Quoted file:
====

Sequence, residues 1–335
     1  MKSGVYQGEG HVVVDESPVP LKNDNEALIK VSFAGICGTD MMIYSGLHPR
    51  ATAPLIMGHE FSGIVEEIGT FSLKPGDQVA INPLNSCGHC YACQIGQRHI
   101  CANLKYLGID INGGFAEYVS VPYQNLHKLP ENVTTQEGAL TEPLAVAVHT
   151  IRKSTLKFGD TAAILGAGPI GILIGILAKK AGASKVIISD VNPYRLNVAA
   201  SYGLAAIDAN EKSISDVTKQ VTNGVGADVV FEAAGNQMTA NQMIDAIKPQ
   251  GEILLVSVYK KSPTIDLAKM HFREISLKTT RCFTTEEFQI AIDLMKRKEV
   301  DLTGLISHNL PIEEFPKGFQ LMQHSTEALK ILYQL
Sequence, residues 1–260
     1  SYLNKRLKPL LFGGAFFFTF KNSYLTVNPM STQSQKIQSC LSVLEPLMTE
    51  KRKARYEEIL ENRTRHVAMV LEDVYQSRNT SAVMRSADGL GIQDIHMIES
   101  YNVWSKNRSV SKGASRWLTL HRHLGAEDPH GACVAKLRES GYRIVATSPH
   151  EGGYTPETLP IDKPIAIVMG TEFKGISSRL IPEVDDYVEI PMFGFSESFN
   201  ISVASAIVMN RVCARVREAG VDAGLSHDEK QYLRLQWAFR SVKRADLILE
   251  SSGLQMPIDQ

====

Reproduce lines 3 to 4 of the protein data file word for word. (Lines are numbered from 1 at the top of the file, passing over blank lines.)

    51  ATAPLIMGHE FSGIVEEIGT FSLKPGDQVA INPLNSCGHC YACQIGQRHI
   101  CANLKYLGID INGGFAEYVS VPYQNLHKLP ENVTTQEGAL TEPLAVAVHT